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Terms of Reference for the conduct of an independent review of aviation fatigue rules for operators and pilots (Civil Aviation Order [CAO] 48.1 Instrument 2013)
An independent review of CAO 48.1 Instrument 2013 will provide CASA with an informed basis on which to finalise reform of the fatigue rules for operators and pilots.
A safe, effective and efficient set of fatigue risk management rules is in place for Australian operators and pilots that:
- addresses a clearly identified risk not addressed by current regulation
- is scalable and proportionate to the type of operation being undertaken
- is consistent with CASA's requirements under the Act, and directions made to the CASA Board by the Minister (Statement of Expectations)
- is consistent with the principles contained in CASA's Regulatory Philosophy and DAS Directive 01/2015
- is appropriate to the Australian environment (meteorological and geographical)
- takes appropriate account of the Australian context (air traffic management, the needs of rural and remote communities, time-zones, economic and socio-political)
- is in step with corresponding requirements in other comparable jurisdictions.
The review has the following objectives:
- To determine whether the new rules are necessary (in accordance with DAS Directive 01/2015), having regard to other current regulation including human factors training and safety management systems
- To evaluate the extent and relevance of the research and evidence applied in the development of the latest fatigue rules (CAO 48.1 Instrument 2013) including:
- the development of the limits in the prescriptive appendices to CAO 48.1 Instrument 2013
- the application of fatigue risk management systems (FRMS).
- To evaluate the extent to which CAO 48.1 Instrument 2013 applies the underpinning research and evidence, takes into account the Australian operating environment and enables industry to establish modern fatigue management regimes
- To evaluate the extent to which the latest fatigue rules are consistent with the principles in CASA's regulatory philosophy and Director of Aviation Safety Directive 1/2015, in particular:
- Regulation must be shown to be necessary to address known or likely risks
- Regulation should have particular regard to the safety of passengers and other persons likely to be affected by an activity
- Regulation must not impose unnecessary costs on industry, nor unnecessarily hinder growth or participation
- Regulation should conform to international standards except where differences can be justified on safety risk grounds due to unique Australian conditions
- Regulation will address safety risks in the most cost effective manner, proportionate to the risks involved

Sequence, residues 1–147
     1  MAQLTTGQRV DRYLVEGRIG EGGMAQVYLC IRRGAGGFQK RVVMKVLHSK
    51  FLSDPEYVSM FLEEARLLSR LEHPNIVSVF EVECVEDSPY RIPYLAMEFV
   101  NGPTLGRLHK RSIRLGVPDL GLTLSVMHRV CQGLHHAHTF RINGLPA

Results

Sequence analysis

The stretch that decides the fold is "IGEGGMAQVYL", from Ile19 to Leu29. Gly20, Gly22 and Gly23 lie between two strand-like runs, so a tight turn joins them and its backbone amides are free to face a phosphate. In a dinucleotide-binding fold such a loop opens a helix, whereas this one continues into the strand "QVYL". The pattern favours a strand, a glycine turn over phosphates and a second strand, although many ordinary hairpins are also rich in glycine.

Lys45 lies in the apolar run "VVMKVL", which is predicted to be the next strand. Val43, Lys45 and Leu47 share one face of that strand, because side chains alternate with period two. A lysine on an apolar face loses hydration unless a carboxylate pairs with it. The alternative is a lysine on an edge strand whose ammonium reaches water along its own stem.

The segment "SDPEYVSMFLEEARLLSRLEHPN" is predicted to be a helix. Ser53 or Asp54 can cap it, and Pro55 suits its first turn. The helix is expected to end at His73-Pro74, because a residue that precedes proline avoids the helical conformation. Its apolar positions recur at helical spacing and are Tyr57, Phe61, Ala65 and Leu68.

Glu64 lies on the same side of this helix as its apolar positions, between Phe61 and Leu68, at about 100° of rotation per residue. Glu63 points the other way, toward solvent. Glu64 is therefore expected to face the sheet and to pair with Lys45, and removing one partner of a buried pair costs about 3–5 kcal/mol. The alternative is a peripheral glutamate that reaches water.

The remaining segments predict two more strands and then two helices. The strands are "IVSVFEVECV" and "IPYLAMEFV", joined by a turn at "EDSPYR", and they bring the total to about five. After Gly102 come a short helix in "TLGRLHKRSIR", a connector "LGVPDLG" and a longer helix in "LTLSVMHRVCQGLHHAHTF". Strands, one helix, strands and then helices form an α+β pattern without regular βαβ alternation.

- Where appropriate, regulations will specify safety outcomes.
Scope of the review
- The latest fatigue rules and the associated Civil Aviation Advisory Publication (CAAP) 48-01 - Fatigue management for flight crew members
- Previous legislative provisions of CAO 48 as well as standard industry exemptions
- Legislative provisions governing Safety Management Systems
- Legislative provisions requiring Human Factors and Non-technical skills training.
The following considerations are relevant to the review:
- The main object of the Civil Aviation Act 1988 is 'to establish a regulatory framework for maintaining, enhancing and promoting the safety of civil aviation, with particular emphasis on preventing aviation accidents and incidents'
- CASA's regulatory philosophy and DAS Directive 1/2015
- The Minister's Statement of Expectations to the CASA Board 2017
- Standards and Recommended Practices of the International Civil Aviation Organization along with current and proposed fatigue rules of the European Aviation Safety Agency and the following countries:
- New Zealand
- United States
- United Kingdom
- Previous studies into fatigue and the management of fatigue risk in aviation
- Reports and investigations into fatigue-related accidents and incidents produced by the Australian Transport Safety Bureau and other domestic and international transport accident investigation agencies
- The extent to which the latest fatigue rules address the relevant factors contributing to accidents and incidents, in the context of other legislative requirements such as human factors training and the implementation of a Safety Management System by regular public transport operators
- The approach to fatigue regulation taken by other Australian transport regulators (in the maritime, road transport and rail sectors)
- The approach to fatigue management taken by oil and gas, mining, nuclear, and other transport industries.
Last updated: August 2017 to harmonise with the final scope of work endorsed by the CASA Board.